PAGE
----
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3 minutes with Jesse Eaves

Published on October 23, 2018 4:01PM

Kathleen Ellyn/ChieftainJesse Eaves

Kathleen Ellyn/ChieftainJesse Eaves

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Glass Contractor

Jesse Eaves, 45, of Lostine, was born in Chico, Calif., and went to Las Plumas High. He moved here with his family and graduated from Joseph High School in 1991.

He worked with his father, Ron Eaves, and Gary Limbaugh to build the Mill Pond Apartments in Enterprise.

He decided he liked construction.

“I got a few compliments as a kid, and that’s all it took,” Eaves said.

He started learning Taekwondo with Dean Metcalf in 1998 when he was 25 and was the first Black Belt out of the school. Now, he teaches Taekwondo out of Odd Fellows Hall in Enterprise.

His career path in Wallowa County continued with a job at Burch’s Plumbing and then he began on what would eventually become his specialty — working with glass for Larry and Bonnie Davis at Mountain View Glass.

He worked there for more than eight years.

He’d married and divorced along the way, and when the Davis family sold the business, he moved to San Francisco for 15 years. He secured his contractor’s license and became a general contractor.

In 2017 the family called him back to Wallowa County to help care for his aging father, and he was primary caregiver for seven months until his father died August 2017.

He went back into construction, obtained his Oregon contractors license and decided to focus on glasswork.

He is the owner of Greenbough Glass and Doors of Enterprise and fixes broken windows, replaces windows, cuts art glass and mirrors, works with museum grade glass and more.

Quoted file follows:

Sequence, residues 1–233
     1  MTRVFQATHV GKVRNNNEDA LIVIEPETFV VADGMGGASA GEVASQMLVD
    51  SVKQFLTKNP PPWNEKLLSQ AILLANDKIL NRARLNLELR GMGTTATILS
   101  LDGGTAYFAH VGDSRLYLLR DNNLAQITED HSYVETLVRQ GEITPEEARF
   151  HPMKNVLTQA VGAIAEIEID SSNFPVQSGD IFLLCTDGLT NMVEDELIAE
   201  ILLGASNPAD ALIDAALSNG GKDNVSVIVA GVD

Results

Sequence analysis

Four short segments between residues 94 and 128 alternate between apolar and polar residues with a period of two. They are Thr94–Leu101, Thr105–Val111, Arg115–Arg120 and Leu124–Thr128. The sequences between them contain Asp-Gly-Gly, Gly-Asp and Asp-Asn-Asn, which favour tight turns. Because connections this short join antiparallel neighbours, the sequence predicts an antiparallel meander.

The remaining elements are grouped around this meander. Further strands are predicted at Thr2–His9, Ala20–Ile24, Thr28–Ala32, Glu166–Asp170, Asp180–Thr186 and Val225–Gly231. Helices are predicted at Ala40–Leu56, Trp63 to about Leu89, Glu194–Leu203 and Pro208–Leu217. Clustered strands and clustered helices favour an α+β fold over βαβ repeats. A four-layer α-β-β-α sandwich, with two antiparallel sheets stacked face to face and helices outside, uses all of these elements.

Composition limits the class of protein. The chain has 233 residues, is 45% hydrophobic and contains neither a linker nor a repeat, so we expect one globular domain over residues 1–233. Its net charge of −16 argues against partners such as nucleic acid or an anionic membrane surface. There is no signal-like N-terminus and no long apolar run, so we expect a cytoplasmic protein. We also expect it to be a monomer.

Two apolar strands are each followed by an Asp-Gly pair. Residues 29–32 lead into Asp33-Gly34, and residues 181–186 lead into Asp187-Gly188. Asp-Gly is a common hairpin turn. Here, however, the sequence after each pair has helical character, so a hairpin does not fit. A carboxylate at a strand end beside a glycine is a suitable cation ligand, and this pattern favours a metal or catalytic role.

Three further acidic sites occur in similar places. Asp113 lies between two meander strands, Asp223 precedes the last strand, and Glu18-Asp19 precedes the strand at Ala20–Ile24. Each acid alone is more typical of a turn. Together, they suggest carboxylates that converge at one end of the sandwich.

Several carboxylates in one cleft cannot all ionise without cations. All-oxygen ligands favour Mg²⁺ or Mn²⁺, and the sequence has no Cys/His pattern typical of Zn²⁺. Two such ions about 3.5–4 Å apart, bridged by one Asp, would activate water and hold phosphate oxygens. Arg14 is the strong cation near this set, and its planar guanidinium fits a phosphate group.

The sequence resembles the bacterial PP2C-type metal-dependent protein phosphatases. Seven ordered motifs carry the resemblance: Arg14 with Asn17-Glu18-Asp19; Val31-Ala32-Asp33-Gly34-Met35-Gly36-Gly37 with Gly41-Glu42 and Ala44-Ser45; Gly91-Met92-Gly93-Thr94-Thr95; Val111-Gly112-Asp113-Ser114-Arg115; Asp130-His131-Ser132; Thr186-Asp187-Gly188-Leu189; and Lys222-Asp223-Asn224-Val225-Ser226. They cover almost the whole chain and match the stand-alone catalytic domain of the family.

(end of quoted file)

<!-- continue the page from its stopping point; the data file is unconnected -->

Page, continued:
He enjoys Taekwondo and strength training with Olympic lifting coaches Michael and Donna Reams of Enterprise. He indulges his creative side with painting and pen and ink drawing and also took local wood artist Steve Arment’s carving class. He gets outdoors to fish and hunt.

He enjoyed working with the homeless with “Mission for the Homeless” in Oakland, Calif., while he was living there and his Taekwondo class in Enterprise is mostly a public service. He makes enough to pay the rent for the Odd Fellows Hall.

Q. Why live in Wallowa County?

A. I didn’t appreciate Wallowa County when I lived here in my 20s, but the last 15 years in California with its traffic and super expensive real estate and the high cost of living ... I moved here and the people are kind and there is the general courteousness.

“I woke up one morning when dad was getting bad, and I was thinking what I’d do next and thought I can’t imagine moving again; what’s better than this place?”

Q. What has Wallowa County taught you?

A. An appreciation for not only small town but also nature. Community is probably the better word –– the interconnection with people, seeing people you know in town, having conversation and knowing people’s parents and checking on them ... stuff like that.

Q. Can you remember a book you read as a kid that had a big effect on you? And can you recommend a book you’ve read recently?

A. Probably “Lord of the Rings.” Everything from then on was riding horses and wearing armor. It really affected my artwork.

A book I’ve read recently is “Easy Strength” by Dan John and Pavel (Tsatsouline) –– it was really good, written by somebody who uses science to teach strength training. Donna Reams assisted Dan John in one of his classes and is mentioned in one of his books. I was reading Dan John’s stuff 10 years ago because he talks about people who are over 35 and that was useful to me.


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